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Jet lag and Deep Vein Thrombosis (DVT)

Posted by: Dr Mike Stowe / May 18, 2017

Category: News

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Jet Lag And Deep Vein Thrombosis (dvt)
Jet lag and Deep Vein Thrombosis (DVT)By Dr Bec Ellul

With our beautiful sunburnt country being so far away from the rest of the globe, we are often forced to voyage thousands of kilometers across the ocean to experience the most lustred after culture and diversity. So while traveling can be for work or pleasure, long plane rides and waiting times may often affect our health and it’s important to think about a few things before checking into your 20plus hour flight.

Here are things we can do in-flight to help hamper any ill effects.

When we travel across different time-zones abruptly, particularly in an eastern direction, we disrupt our circadian rhythm. This is our rate of activity of bodily processes over a 24hour period.

When our circadian rhythm is disrupted this is known as Jetlag, a combination of fatigue and other symptoms including sleepiness, digestive upsets or poor concentration. Though there is no cure for Jetlag, careful planning can help reduce its effects.

Firstly drinking plenty of water and limiting alcoholic or caffeinated drinks which disrupt the sleep cycle. Also, if you plan to catch a couple of z’s on the flight, set your clock to the time zone you are traveling to, to give your body a head start on adjusting.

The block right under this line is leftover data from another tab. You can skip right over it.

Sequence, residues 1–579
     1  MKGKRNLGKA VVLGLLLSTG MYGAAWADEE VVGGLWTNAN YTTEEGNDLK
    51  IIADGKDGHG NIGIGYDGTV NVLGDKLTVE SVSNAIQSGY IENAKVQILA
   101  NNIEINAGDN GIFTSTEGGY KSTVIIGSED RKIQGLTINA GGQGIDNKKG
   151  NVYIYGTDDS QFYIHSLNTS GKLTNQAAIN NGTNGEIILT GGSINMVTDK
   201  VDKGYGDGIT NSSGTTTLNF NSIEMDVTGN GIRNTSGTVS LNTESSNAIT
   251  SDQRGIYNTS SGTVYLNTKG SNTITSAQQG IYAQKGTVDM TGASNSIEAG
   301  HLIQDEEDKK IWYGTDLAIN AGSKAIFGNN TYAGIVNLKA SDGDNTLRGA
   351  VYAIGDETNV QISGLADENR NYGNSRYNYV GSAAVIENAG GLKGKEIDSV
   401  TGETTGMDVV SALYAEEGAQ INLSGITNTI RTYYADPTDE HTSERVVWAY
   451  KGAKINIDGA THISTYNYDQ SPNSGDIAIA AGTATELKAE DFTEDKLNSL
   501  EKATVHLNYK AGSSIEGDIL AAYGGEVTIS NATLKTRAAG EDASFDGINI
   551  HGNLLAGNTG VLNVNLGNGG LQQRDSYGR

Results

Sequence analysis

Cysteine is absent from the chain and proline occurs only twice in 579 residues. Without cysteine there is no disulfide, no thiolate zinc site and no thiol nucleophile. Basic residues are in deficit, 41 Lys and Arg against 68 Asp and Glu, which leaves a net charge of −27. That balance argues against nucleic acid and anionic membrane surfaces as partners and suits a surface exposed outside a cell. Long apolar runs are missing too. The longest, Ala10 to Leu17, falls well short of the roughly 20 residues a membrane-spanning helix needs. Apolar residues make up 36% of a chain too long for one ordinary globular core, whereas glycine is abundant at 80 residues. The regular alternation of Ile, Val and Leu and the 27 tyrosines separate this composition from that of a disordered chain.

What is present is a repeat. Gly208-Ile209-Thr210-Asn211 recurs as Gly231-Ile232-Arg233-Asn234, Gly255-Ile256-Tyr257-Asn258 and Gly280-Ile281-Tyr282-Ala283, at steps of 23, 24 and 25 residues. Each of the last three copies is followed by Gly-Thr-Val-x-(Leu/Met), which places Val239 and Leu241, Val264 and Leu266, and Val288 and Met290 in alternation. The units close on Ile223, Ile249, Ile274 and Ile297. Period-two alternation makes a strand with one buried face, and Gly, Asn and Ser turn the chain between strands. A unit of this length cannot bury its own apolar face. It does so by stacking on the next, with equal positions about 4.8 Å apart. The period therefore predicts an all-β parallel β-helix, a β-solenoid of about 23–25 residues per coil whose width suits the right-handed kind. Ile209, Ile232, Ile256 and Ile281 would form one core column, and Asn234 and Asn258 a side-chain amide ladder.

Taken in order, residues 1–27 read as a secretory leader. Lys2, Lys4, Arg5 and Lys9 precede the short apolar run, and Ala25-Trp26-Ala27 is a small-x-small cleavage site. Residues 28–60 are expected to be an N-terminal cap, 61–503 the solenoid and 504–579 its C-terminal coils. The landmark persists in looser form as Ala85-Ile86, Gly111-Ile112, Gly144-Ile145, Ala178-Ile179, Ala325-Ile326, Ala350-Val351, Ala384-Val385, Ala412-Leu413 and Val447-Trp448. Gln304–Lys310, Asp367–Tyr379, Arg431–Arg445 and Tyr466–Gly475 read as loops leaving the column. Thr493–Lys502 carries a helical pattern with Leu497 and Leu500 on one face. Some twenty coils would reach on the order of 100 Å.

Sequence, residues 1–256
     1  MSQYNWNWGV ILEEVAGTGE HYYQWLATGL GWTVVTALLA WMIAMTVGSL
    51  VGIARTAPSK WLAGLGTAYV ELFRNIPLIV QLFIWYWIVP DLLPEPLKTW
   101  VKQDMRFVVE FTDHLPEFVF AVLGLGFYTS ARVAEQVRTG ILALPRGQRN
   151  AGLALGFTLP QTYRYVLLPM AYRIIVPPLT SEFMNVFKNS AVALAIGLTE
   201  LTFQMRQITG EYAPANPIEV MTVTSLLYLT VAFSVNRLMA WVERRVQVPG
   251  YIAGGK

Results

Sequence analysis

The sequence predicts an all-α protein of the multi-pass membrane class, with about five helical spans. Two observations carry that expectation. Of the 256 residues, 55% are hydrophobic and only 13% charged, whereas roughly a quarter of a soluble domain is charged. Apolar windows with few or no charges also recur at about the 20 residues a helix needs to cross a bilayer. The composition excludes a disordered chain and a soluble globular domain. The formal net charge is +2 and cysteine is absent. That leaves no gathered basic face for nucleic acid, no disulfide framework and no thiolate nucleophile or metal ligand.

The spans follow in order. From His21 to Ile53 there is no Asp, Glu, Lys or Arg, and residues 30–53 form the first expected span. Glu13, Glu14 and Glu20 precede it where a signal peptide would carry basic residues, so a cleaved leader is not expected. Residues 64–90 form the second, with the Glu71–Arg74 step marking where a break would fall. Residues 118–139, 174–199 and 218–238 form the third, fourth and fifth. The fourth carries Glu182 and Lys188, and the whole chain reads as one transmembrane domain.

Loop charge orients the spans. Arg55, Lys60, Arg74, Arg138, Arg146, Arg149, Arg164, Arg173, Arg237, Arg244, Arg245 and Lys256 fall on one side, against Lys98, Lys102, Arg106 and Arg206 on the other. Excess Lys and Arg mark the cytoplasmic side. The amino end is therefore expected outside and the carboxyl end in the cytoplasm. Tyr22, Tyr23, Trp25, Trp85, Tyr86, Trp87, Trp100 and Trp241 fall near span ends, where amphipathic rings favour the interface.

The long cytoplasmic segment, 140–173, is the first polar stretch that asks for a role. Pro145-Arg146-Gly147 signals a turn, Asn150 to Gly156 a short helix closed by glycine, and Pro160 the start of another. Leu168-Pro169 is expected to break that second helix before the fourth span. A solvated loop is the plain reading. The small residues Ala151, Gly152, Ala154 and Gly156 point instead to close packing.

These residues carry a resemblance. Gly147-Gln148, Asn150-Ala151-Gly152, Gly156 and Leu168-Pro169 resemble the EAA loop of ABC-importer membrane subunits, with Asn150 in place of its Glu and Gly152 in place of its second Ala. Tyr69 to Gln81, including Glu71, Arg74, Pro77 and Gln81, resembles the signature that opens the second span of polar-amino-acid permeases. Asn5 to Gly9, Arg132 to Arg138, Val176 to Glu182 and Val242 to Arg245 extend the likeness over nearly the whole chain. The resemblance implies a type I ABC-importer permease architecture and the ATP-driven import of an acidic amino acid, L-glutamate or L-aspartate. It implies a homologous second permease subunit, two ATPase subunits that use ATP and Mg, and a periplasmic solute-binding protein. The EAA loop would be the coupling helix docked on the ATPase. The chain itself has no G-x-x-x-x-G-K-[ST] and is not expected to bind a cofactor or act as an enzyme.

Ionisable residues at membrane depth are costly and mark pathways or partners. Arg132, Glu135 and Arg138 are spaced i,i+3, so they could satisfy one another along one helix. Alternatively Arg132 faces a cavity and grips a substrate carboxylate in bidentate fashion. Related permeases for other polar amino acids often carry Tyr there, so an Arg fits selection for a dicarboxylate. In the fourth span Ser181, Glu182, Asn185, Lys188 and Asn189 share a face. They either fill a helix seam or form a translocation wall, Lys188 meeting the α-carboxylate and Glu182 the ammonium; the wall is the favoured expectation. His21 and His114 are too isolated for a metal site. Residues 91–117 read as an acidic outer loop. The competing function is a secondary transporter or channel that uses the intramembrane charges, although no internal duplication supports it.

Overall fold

When you are immobile for a prolonged period of time the muscles in our legs that help pump blood back to our heart aren’t working as efficiently and so for various reasons, there is the possibility that blood may pool in the legs. When this happens we increase the chance of developing a clot in the deep veins of our legs. This is known as deep vein thrombosis (DVT). When we fly, the risk of developing a DVT is doubled but there a only a few simple things we can do to help prevent this. Again, drink plenty of water during your flight, this will help increase blood flow. Wearing comfortable clothes that don’t restrict your movement is also a good idea and will also make for a much more comfortable flight, helping you relax. When it is appropriate, take walks around the cabin to help get the blood moving. You can also do the following exercises every half an hour to keep those muscles moving and pumping the blood back up to the heart;

  • Foot circles: Lifting the foot off the floor, draw imaginary circles with the big toe so the foot rotates around the ankle. Continue a few times in one direction and then change direction of the circles. Alternate feet.
  • Heel Lift/Toe Lift: Keeping your foot flat on the floor, lift your heel as high as possible but keep the toes and balls of your feet on the floor. Lower your heels and repeat several times. Then keep your heels on the floor and lift your toes and balls of your feet as high as possible. Lower and repeat several times. Alternate feet.
  • Knee Raises: Sitting upright with both feet on the floor, raise your leg up with the knee bent and lower back down. Alternate legs. Do this several times.
  • Knee Curls: Sitting upright, lean forward slightly. Raise one knee towards the chest and hold it as you lean back. Stay there for 15 seconds then lower the leg. Repeat on the other leg. Do 10 on each side.

You may find that if you are a nervous flyer, these few simple things can help reduce your risk of DVT and will actually keep your mind off your fear, so we kill two colloquial birds with the one stone.

Now that you are more aware of the things you can do to help improve your flight, you have one less thing to worry about on your overall traveling experience.

Don’t forget to also come in and see me for an Osteopathy session before and after your trip. The long periods of sitting can affect your neck and put strain on your lower back.

I look forward to hearing all about your traveling experiences when you return home to recuperate.
Bon Voyage!
Dr Bec Ellul